President Obama is on his way today to the only part of the world where vast numbers of Muslims actually want Americans to join them in the struggle against the forces behind terrorism.
Unlike their co-religionists in Afghanistan, Pakistan, and Iraq, the quarter-billion Muslims of Southeast Asia—as many as in the entire Middle East—are appealing for Americans to work alongside them to drain the swamps of poverty and ignorance that give rise to the soldiers of jihad. Their only qualification is that these Americans come in sandals and sneakers, not combat boots.
This is what they say when you meet them: Help us with education—science and mathematics—with agriculture, sanitation, roads, and drinking water, in developing small businesses and manufacturing. In short, they want us to help them develop and to improve their fledgling attempts at building democracies. This is the very definition of “Smart Power,” the policy approach to which Obama, Secretary of State Hillary Clinton and Defense Secretary Robert Gates have given voice since the Bush administration swaggered out of town.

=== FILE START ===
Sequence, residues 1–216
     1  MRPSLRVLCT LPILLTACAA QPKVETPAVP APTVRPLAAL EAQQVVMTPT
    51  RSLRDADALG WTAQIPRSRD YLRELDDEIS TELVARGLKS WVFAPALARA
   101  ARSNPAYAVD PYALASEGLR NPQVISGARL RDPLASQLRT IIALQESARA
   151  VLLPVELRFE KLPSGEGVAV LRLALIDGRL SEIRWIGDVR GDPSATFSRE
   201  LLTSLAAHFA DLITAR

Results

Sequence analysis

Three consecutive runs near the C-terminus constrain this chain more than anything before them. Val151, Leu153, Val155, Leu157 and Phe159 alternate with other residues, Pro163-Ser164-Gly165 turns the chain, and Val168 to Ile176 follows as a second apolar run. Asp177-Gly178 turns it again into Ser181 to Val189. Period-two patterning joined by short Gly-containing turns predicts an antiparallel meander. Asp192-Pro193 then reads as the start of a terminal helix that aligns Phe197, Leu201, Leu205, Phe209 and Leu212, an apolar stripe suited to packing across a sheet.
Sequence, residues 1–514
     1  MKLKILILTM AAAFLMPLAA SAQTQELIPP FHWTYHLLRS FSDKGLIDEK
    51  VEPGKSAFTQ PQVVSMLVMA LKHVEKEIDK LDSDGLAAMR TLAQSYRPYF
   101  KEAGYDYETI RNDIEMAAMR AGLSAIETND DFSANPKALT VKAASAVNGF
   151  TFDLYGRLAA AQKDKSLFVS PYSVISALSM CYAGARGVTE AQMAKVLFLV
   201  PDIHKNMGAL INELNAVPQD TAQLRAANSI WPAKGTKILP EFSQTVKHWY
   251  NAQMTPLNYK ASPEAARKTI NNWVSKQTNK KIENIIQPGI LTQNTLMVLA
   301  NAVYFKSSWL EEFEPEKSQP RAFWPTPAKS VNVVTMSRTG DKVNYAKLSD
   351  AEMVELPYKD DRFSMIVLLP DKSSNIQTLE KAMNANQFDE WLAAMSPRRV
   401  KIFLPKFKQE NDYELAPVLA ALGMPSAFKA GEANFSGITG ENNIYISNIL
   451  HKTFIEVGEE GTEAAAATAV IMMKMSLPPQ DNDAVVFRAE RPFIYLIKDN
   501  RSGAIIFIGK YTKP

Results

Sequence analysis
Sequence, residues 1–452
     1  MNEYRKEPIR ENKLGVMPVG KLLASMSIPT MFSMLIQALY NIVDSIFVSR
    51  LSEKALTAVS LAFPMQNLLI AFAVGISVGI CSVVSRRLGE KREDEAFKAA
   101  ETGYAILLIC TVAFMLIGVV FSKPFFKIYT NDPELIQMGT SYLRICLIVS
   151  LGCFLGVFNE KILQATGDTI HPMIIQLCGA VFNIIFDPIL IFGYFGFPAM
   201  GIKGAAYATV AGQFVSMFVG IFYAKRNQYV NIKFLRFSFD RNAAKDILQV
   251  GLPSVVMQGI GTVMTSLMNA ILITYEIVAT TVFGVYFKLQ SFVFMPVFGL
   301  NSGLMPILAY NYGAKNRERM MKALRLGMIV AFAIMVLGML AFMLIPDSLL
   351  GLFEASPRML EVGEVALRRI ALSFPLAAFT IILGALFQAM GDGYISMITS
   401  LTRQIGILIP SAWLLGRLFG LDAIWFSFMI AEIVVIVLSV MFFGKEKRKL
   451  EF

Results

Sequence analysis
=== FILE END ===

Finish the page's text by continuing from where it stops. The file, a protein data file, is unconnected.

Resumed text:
Americans should have learned by now that killing Muslims will not result in victory but will serve only to embitter even more Muslims. The alternative is to help them.
For the United States to recapture the admiration and respect it has lost among the people of the ummah—the global Islamic community—the place to begin anew is Southeast Asia, a region feeling the stresses of rising Islamic fundamentalism but increasingly democratic and generally at peace.
On Sunday, Obama is to meet privately in Singapore with President Susilo Bambang Yudhoyono of Indonesia, home to 220 million Muslims—the largest Islamic population in the world. Indonesia’s strident fundamentalists, some 4 million strong, are challenging the government to promote Sharia, or Islamic religious law.